Alex Jones, insane pitchman?  Much like TV-sales icons Crazy Eddie and Ron Popeil, Infowars may be more QVC on steroids than a fake news show.   That, according to HBO’s non-pitchman John Oliver, is that Infowars is all about:  selling overpriced items.  Oliver claims that Infowars generates in excess of $45 million annually from the sales of products from its website.   He also claims the products are overpriced.  We decided to test Oliver’s claim………..and he was right.  In fact, he may have understated the rip-off ratio of prices on Infowars’ website.

We looked at a number of items pitched by the infamous Mr. Jones and sold at the Infowars website.   Take, for example, Jones’ “Patriot Blend 100% Organic Coffee”.   Sold for $17.95 per pound.   This is touted as fair trade coffee produced in Chiapas, Mexico.

 

 

 

 

 

 

 

 

Compare this to Chiapas-sourced fair trade coffee sold on Amazon for about $13.50 per pound (when adjusted from grams to ounces) and you’d be paying 33% premium for essentially the same coffee.

 

 

 

 

 

 

 

 

OK, since not all coffees are exactly the same, and since we aren’t going to attempt a taste test, we looked for something that was more comparable.   How about organic mouthwash for about $20.  For just 8 oz. of “cruelty-free” 1:10 concentrate, you can buy “organic” mouthwash.  (truthfully, we didn’t know that flavored alcohol could be organic!)

 

 

 

 

 

 

 

 

 

 

Apparently, it’s not popular, as it wasn’t easy to find organic mouthwash on the Internet.    Funny how Jones’ unique blend of organic mouthwash is almost identical to another seller of organic mouthwash.  The label is pretty much the same, as is the 1:10 concentrate.

This one is available at Jet.com.   But the reality is that few, if any retailers, sell organic mouthwash:

That’s not a surprise because there really isn’t much to “organic mouthwash”.   We found an “organic” rinse sold at Amazon for about $5 for 8 oz.  (more precisely, $8.90 for 16 oz).   That’s about 75% less than what Infowars is offering for its “organic” product.

 

 

 

 

 

 

 

However, if you really want to save money on this very expensive “organic” product,  you might try boiling 2 cups of water. Add in 1 teaspoon of fresh organic mint leaves, 1 teaspoon of organic cloves and 1 teaspoon of organic rosemary leaves. Let this boil for about 20 minutes. Once cooled, it is ready to go, all for about $1 for 16 oz.  (Or if you grow these products at home, it’s as close to free as you can get).

An even bigger rip-off is their “Emric’s Essentials” spf-30 face and body lotion.  4 oz of sunscreen for about $16.00.   Compare this with two other 30-spf top-rated sunscreens sold on Amazon that range from $7-13.   And this one, sold at Amazon for $10.00.   In fact, a whole host of high-quality 30-spf sunscreens sell on Amazon for less than $2 per ounce, or about half the price of Emric’s Essentials.   Consumer Reports’ highest rated sunscreen is a 50spf lotion sold at Walmart for $9 per 16oz bottle………about 70 cents per ounce or 85% cheaper than Emric’s Essentials!

But perhaps the most breathtaking rip-off on the site is 3 oz. of the “Winter Sun Vitamin D” for $29.95.   It offers 2,000 IU per dose.  Vitamin D is a relatively low-cost vitamin — available at Vitacost for between $5-10 per bottle.   And Amazon offers an even higher-potency liquid Vitamin D3 at less than $8.00 per bottle or approximately $4 per liquid ounce.   Compare this to Winter Sun that comes it at $10 per liquid ounce.   The mark-up amounts to 150% more than what others will charge for essentially the same product, without the hard-core hype associated with Infowars products.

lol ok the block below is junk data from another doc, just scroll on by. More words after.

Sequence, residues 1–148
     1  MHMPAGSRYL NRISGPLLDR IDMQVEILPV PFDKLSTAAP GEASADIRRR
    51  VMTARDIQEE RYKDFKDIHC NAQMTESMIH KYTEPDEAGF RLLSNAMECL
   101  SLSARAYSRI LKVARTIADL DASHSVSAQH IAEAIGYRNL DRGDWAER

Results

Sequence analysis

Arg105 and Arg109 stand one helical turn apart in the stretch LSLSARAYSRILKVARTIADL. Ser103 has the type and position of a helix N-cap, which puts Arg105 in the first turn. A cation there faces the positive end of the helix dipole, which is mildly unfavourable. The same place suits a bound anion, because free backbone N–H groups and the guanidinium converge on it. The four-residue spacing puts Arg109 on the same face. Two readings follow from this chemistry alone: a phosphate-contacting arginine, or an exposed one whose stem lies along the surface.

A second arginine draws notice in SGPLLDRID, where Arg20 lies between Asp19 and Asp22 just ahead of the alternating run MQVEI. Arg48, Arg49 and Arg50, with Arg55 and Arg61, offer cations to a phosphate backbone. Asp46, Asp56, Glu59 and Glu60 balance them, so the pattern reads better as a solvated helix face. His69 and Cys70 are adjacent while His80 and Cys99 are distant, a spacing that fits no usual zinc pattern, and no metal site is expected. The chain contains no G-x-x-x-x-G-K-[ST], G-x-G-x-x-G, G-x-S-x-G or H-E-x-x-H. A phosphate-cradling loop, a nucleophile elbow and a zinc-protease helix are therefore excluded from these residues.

Infowars 3-month supply of emergency survival food will set you back about $500.  At 450 servings, that’s about $1.25 per serving of freeze-dried foods that include oatmeal, pudding, rice and powered drinks.   If you head over to Costco.com you can find an extensive selection of survivor foods.   One offering is two buckets containing 700 servings for less than $200, or about $.25 per serving of meals like tomato pasta, black bean burgers, rice casserole and lots of starches like oatmeal, multigrain cereal and black beans.   You’d be paying 500% more and receiving 250 fewer servings to buy the Infowars selection of emergency food.

And we can’t help but mention the “Patriot Seeds Organic Seed Vault” or the “garden in a can” for only $29.95 at the Infowars site.  It claims to offer 21 different seed varieties, although it declines to mention how many seeds you actually get.   Compare this with a collection of 16 different vegetable seeds offered on Amazon for about half the price ($15.99) except Amazon actually lists the number of seeds you get:  “Know Exactly What You Are Getting!! Tomato: Beefsteak 75+ Seeds, Cucumber: 50+ Seeds, Broccoli: Waltham 29 300+ Seeds, Spinach: Bloomsdale Long Standing 50+ Seeds, Green Pepper: Yolo Wonder 50 + Seeds, Cauliflower: Snowball 100+ Seeds, Romaine: 400+ Seeds, Green Beans: 25+ Seeds, Carrots: Imperator 58 250+ Seeds, Beets: Detroit Dark Red 50+ Seeds, Cabbage Red or Green:150+ Seeds, Radish: 125+ Seeds, Salad Bowl Lettuce: 150+seeds, Celery: Utah 1,000 Seeds or Bok Choy Seeds”.

At this point, you should probably get the point.  If you buy any product from Infowars, expect to pay an Alex Jones-premium for the honor of supporting his cause. You’ll pay between 30-500% more, just based upon the products we reviewed.  And, unlike Amazon or some other sites, the “reviews” are highly suspicious:  most every product is reviewed at between 4.5 and 5 stars and the reviews read like advertisements.   The bottom line is that, if anything, John Oliver understated how much you overpay if you buy from Infowars Store.  In fact,  if you buy multiple products from Infowars, you’ll be making a sizeable, albeit perhaps inadvertent, donation to his particular conspiratorial causes.  And our reportage is documented, decidedly unfake news.